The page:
About one in three subways stops in North America are in NYC

Another great design from Randall!

Thursday
May022013

The United States of Energy

The United States of Energy infographic poster

The United States of Energy from Saxum, is a huge project to map domestic energy sources.  

Finally… After almost 50 years of dependence on foreign sources to meet our growing energy needs, our country is finally in a position to begin reversing the trend. Through advances in drilling technology, discoveries of new oil and natural gas reserves and swift progress in the renewables sector, the United States is setting a course for energy self-sufficiency.

What began as a simple graphic showcasing America’s energy riches quickly grew into a two-sided, folded map concept displaying thousands of individual data points.

The #USofEnergy map visualizes our country’s energy potential by charting current sources of energy production and identifying future resources and known deposits. Energy resources surveyed include: natural gas, oil, coal, nuclear, hydroelectric, wind, geothermal, solar and biomass.

This is actually designed as two landscape posters as the front and back, but when put together, they make one very detailed portrait orientation poster.  I love the main U.S. map that is the primary focus, and the designers took on the challenge to visualize the many different energy sources as represented with the overlapping colors.  You’ll notice that the smaller area coverage shapes are always on top, so the small circles aren’t completely hidden by the larger area shapes.  I would have attempted making the colored areas slightly transparent to let the underlying shapes show through, and removing the text names of all the states might have helped to reduce the visual noise.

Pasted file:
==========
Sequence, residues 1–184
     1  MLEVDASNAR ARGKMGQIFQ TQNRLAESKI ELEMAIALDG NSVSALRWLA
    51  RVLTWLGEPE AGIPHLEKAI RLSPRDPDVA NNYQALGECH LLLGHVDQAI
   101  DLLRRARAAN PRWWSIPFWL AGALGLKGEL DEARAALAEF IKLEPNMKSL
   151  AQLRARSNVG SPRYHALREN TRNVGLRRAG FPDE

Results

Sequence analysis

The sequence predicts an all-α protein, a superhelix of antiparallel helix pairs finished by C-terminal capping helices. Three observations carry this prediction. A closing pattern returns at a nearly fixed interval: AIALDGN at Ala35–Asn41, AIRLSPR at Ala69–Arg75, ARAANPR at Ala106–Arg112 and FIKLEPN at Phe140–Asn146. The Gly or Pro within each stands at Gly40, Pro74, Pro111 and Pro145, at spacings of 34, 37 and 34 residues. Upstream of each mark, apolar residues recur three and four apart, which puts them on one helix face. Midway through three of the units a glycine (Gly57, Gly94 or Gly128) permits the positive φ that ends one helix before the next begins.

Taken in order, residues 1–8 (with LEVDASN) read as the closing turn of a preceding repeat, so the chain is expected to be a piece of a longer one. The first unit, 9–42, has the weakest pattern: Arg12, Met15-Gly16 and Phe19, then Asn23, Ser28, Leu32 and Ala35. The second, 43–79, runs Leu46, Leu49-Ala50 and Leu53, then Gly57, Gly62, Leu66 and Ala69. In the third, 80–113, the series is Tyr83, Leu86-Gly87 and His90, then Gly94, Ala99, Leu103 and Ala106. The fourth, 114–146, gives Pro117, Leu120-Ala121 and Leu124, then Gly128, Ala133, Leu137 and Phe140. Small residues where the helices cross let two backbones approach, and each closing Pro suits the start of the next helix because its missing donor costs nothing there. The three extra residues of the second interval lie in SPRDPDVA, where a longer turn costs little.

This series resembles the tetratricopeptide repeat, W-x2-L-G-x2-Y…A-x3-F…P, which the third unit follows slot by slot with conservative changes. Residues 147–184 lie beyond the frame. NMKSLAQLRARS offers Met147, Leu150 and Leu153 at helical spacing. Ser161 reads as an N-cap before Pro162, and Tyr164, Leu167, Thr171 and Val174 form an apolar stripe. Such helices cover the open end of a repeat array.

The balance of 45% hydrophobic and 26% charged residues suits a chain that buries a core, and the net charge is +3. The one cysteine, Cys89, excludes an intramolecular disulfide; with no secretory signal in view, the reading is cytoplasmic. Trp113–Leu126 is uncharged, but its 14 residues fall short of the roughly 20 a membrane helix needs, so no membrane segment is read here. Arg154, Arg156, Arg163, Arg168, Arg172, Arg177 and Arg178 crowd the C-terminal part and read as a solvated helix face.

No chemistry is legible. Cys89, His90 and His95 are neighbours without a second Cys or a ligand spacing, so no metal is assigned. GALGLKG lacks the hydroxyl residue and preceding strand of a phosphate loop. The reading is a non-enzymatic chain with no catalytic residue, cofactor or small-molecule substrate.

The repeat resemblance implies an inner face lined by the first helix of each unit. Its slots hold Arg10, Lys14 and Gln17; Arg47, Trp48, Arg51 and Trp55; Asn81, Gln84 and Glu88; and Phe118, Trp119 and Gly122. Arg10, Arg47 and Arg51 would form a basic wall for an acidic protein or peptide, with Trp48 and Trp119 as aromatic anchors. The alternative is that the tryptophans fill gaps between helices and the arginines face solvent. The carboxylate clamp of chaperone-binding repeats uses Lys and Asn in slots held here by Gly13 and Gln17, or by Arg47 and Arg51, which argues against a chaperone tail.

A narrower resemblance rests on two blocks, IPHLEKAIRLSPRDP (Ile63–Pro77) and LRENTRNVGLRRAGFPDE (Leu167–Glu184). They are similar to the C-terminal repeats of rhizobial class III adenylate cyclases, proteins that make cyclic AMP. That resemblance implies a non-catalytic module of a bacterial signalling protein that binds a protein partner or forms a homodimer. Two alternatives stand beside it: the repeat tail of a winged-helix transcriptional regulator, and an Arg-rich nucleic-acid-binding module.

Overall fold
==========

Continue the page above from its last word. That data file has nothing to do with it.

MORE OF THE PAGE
My power contract for InfoNewt here in Texas is 100% Wind Power, but I had no idea that Texas is the national leader in wind power production!

I’m not sure what to call them, but I like the paired 180° doughnut charts showing how the sectors and sources of energy have changed from 1949-2011.  However, I don’t like the chart legends that makes them hard for the reader to figure out what each color represents.  Legends are evil!  It would have been nice for the nine types of energy to be shown with icons (along with the color-coding), and the icons or text could have been shown along with the larger 2011 doughnut segments.

The statistics shown at the bottom are shown as just text numbers.  In contrast to all of the data visualizations throughout the rest of the design, this makes these numbers seem unimportant to the reader.

Found on Visual.ly

Friday
Mar222013

460 Million Connected Internet Devices

Beautiful data visualizations of some very scary data!  

An anonymous hacker under the pseudonym of “Carna Botnet” has posted a comprehensive Internet Census 2012 report of over 460 million internet connected devices that responded to PING requests or were found to have open ports.  He was able to create a botnet using over 30,000 Internet devices that had remote administration available using the Telenet and still had the factory installed standard passwords.  He found several hundred thousand open devices, but didn’t need that many.

Abstract: While playing around with the Nmap Scripting Engine (NSE) we discovered an amazing number of open embedded devices on the Internet. Many of them are based on Linux and allow login to standard BusyBox with empty or default credentials. We used these devices to build a distributed port scanner to scan all IPv4 addresses. These scans include service probes for the most common ports, ICMP ping, reverse DNS and SYN scans. We analyzed some of the data to get an estimation of the IP address usage. 

All data gathered during our research is released into the public domain for further study.